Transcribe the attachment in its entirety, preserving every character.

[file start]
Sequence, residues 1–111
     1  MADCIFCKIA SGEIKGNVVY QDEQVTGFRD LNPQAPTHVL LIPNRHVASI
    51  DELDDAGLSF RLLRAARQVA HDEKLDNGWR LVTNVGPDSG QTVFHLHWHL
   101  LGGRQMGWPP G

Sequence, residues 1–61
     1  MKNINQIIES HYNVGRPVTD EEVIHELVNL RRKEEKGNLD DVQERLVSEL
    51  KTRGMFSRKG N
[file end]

Sequence, residues 1–111
     1  MADCIFCKIA SGEIKGNVVY QDEQVTGFRD LNPQAPTHVL LIPNRHVASI
    51  DELDDAGLSF RLLRAARQVA HDEKLDNGWR LVTNVGPDSG QTVFHLHWHL
   101  LGGRQMGWPP G

Sequence, residues 1–61
     1  MKNINQIIES HYNVGRPVTD EEVIHELVNL RRKEEKGNLD DVQERLVSEL
    51  KTRGMFSRKG N